Playing Nuclear Chicken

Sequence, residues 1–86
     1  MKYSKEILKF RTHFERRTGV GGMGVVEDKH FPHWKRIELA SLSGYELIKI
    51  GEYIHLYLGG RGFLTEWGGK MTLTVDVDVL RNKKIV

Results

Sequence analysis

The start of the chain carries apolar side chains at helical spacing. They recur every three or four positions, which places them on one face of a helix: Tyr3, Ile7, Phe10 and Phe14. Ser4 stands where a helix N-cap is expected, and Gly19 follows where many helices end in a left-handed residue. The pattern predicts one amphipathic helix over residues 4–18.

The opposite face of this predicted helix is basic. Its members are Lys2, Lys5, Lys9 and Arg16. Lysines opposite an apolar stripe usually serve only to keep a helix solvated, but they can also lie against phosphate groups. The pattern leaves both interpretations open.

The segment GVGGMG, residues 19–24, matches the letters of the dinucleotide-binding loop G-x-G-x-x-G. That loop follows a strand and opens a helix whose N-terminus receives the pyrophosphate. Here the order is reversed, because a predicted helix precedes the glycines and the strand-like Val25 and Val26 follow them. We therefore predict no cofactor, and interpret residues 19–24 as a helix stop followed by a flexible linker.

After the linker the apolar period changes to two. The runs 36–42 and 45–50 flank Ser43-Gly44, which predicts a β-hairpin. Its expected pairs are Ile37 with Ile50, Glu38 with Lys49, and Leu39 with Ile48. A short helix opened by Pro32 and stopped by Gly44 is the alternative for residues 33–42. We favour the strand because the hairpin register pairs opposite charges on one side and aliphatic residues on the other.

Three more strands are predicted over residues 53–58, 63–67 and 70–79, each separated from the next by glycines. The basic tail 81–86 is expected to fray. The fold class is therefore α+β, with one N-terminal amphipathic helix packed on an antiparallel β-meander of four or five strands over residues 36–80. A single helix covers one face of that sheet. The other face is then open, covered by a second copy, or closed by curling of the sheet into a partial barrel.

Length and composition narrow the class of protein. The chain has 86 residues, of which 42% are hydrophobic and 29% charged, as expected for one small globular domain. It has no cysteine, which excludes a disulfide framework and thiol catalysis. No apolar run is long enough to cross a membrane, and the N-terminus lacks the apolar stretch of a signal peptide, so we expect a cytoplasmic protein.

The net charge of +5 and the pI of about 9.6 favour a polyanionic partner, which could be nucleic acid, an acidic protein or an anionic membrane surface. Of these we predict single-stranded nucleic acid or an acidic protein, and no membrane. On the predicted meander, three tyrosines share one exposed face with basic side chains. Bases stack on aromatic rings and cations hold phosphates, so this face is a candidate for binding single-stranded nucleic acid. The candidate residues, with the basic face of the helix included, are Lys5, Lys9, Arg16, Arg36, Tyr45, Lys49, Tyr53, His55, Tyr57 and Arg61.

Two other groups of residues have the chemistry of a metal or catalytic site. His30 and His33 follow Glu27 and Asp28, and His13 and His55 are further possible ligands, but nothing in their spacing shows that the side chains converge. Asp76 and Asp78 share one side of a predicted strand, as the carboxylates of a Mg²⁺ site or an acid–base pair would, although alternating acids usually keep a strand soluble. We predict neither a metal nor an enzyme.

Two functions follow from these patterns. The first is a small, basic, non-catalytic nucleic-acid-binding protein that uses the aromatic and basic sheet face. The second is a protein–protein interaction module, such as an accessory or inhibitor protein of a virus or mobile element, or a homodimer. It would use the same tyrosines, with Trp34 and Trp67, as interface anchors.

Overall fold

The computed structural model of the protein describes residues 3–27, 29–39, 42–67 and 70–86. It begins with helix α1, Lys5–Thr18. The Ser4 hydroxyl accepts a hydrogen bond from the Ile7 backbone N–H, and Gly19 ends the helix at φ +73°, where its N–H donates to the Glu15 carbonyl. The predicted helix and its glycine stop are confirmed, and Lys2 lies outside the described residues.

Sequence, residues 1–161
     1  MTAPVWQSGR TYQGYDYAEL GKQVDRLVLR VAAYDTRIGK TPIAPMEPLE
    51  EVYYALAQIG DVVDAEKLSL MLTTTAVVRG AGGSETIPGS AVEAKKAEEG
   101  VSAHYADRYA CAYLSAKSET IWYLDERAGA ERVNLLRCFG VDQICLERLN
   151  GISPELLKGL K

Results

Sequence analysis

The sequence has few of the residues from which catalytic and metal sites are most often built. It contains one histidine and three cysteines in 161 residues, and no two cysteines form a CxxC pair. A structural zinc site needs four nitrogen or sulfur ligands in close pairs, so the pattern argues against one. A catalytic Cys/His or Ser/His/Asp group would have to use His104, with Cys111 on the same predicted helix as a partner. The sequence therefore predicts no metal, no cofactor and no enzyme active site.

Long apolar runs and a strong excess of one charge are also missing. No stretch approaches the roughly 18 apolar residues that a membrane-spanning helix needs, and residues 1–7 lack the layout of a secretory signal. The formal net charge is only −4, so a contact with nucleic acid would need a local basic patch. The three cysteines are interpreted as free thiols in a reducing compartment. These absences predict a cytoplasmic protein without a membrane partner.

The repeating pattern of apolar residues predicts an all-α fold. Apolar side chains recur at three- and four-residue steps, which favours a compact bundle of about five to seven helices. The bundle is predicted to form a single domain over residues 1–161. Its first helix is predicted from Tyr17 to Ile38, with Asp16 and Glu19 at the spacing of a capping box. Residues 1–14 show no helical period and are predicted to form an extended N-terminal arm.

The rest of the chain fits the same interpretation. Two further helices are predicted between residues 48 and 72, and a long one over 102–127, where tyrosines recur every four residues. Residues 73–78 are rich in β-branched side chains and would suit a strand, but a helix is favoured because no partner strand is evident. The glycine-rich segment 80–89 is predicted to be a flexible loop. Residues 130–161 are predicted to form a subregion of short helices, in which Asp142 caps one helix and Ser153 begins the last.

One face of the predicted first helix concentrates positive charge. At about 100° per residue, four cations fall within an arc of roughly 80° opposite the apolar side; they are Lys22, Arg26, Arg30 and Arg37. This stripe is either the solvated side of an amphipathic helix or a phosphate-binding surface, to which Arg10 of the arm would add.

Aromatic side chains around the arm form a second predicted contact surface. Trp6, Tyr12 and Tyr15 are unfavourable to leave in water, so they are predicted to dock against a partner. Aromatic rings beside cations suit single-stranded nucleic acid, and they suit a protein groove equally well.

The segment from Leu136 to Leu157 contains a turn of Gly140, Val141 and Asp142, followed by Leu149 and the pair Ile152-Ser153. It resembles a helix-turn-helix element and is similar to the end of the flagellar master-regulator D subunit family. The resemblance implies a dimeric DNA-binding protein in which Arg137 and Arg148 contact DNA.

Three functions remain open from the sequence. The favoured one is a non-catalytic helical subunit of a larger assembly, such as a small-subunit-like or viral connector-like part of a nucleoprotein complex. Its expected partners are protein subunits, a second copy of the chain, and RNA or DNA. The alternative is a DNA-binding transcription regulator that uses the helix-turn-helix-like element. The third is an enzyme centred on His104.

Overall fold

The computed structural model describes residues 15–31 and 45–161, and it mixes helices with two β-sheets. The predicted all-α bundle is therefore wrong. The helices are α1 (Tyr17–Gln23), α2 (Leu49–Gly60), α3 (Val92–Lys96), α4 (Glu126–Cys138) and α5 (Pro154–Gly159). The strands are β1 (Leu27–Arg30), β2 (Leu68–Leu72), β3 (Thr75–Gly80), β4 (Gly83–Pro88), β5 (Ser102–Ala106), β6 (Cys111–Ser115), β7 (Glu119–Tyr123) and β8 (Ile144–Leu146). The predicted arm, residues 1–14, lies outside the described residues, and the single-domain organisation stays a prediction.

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India played nuclear chicken with Pakistan and the world blinked. The President’s swift decision to go with the Coalition against terrorism, and thus against the Talibaan in Afghanistan, gave the world (and many of our countrymen) a wrong perception that under pressure he was a pushover. Bureaucrats have it right when they caution new entrants from taking decisions expeditiously. You will be called “hasty”, they say, delay the decision-making, be “deliberate”. Pervez Musharraf was right in opposing terrorism emanating from Pakistan’s backyard and he was not going to allow hell to freeze over before taking a decision. The vast middle ground among the intelligentsia and the masses supported him then, and still supports him on this issue. The President gauged the west’s mood after 9/11 very correctly and he confounded friend and foe alike by being decisive for Pakistan’s sake at a moment of world truth. The religious parties took to the streets and even though the country waited with bated breath the fanatical lot failed to excite the masses, who while plainly aggrieved at the abandonment of the Talibaan to their fate, knew that the President had done right by the country. A sustained Indian media and diplomatic campaign thereafter has successfully blurred “freedom fighters” from “terrorists”. One can only imagine to what lengths India would have gone to if Pervez Musharrraf had delayed even by a few days. Putting it bluntly, we can resist and even counter an Indian offensive, would we have been able to simultaneously resist concentrated US and allied airpower? And to what purpose?